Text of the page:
I’ve never found price to be a factor in teaching quality. It mostly seems to be professional vs community tutor. Professional tutors, from my experience, are usually more knowledgeable of the language, all the fancy grammar terms like direct object, syntax, passive, causative, etc. and can explain the differences in similar grammar/vocab more easily. They’re usually more expensive for this reason.

For justifying a private tutor: spending money is an amazing motivator, haha. I KNOW I’ll do the homework they give, I KNOW I’ll be studying in between and practicing a lot, because I’m not only paying my hard-earned money for it, but also because I’m spending their time. And the one-on-one aspect means I get 100% of the attention and specific help I need. If I want to group study, I can always do that on the side. And like I mentioned, the speed at which I was learning was nothing like what I was getting before I started using tutors. I know everyone is different, but it was really life-changing for me.

Good luck, you got this! <3


Thank you for your response! Your story is motivating.
Also, удачи в изучении Русского языка! (Good luck in your Russian studies. That’s my native language :smiley: )


Thank you for your responses!
I took the plunge and will have my first conversation/lesson with a native Japanese tutor in about 12 hours. No turning back now. I’m trying to come up with some phrases to introduce myself. Trying to recall japanese terms for english words makes the difference between recall and recognition obvious :smiley:
I’ll post an update on how the lesson went and maybe continue to post updates untill I settle in my one-on-one tutor routine, so anyone else interested in taking the same path could have a reference.


Had my first 30 minutes lesson on iTalki this morning, with a Japanese “community tutor” who lives in the same country as me and is maybe 20 years older than me. We started with me talking about myself (basic phrases I practised before, but didn’t learn by heart), then she went on to correct some of the grammar I used incorrectly and asked a bit about what textbooks I used, even though she doesn’t stick to a textbook for her lessons and only uses it from time to time. We ended the lesson with exercises on て-form where I had to fill in the gap in a sentence with appropriate verb. She didn’t correct any of my pronounciation, maybe it’s too early to pay attention to this?

Of course I was nervous before the lessons and self-conscious about my level of Japanese, and during the lesson I often didn’t know what word or grammar to use, in which case I switched to another language. And of course the teacher didn’t make me feel bad about it.

To calm myself a bit before the lesson, I tried imagining the inverse situation: someone learning my native language and wanting to practice speaking.

I plan to take more lessons with this tutor and also to try out a “professional teacher” who lives in Japan, is a bit younger than me and offers grammar lessons with Genki or みんなの日本語.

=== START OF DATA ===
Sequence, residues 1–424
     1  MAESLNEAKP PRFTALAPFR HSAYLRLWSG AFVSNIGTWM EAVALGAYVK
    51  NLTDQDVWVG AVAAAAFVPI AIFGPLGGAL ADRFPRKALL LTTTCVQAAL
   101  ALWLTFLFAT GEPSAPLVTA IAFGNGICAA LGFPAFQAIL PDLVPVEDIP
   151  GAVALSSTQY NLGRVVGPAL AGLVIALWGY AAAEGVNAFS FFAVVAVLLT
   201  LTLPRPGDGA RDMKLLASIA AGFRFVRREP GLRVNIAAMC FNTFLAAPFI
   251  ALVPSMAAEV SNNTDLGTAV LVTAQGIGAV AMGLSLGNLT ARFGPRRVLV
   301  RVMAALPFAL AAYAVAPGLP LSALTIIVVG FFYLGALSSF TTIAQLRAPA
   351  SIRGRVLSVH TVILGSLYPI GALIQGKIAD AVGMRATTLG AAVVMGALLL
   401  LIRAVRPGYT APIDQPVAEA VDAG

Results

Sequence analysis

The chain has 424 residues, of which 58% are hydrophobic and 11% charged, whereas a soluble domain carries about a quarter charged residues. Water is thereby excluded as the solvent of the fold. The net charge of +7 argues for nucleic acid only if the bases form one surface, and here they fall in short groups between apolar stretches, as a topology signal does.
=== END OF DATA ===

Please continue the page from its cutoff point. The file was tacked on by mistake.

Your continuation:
All in all, I’m happy with this experience and would recommend it to other learners! I don’t know how effective such lessons would be, but given my beginner lever, speaking practice can only be beneficial and hold me accountable, as I don’t want to waste my money.


Hey, that sounds like a great start! :tada:

Just in case: If you ever feel that a teacher you picked is not a good fit for whatever reason, don’t feel bad about dropping them! Because like you said, it’s your money in the end.


This thread is a good prompt to make me look into italki. I’ve thought about it in the past but never taken the plunge. But a few days ago I booked a RTW ticket which includes 10 days in Japan so I think I need to start working on my speaking! I’ve got time, I won’t be there till January.


It’s good that you had your first lesson already ! But I still want to add : if you just want free talk, maybe you should consider trying Asao Language school. For 35€/month you can have 4 lessons a month with a teacher of your choice and as many lessons as you want with"learning teachers". You may not be able to find easily a teacher located in Europe though, but many seems to have traveled/lived abroad. My Asao teacher lived in Singapor for example and even my Italki who is in Japan and never lived outside of Japan knows a lot about Europe and is super open minded :slight_smile: Yep, I use both Italki and Asao and love both of them. For formal teaching, Italki is good. For practice, I like Asao (we listen to an audio book these days), it’s a good extra study that’s worth the price I pay for.

Well, I tried both. I studied in Japan for 2 years and had lessons there with other students. Didn’t progress that much and very few opportunities to speak. Since I decided to pay for a private tutor (and how long it took me to take that decision cause I didn’t want to be the spoiled brat who pays for private lessons) I made much more progress. Even if I mostly take grammar lessons, my teacher speaks only Japanese. And Japanese adapted to my level, so I made incredible progress. I will never regret the money I am spending there.

I think that might be the case. This will just be my personal opinion, but I don’t think pronunciation impact comprehension THAT much for languages like Japanese (or French) that are considered to be flat (compared to Chinese where pronunciations can fuck the whole thing). As long as you use the good words at the right place (ie, good grammar) then it will make sense for them and they will understand you. So I think you can work on Japanese pronunciations later. But if that really is a problem for you, you can ask your teacher to correct you. And you can practice that by shadowing.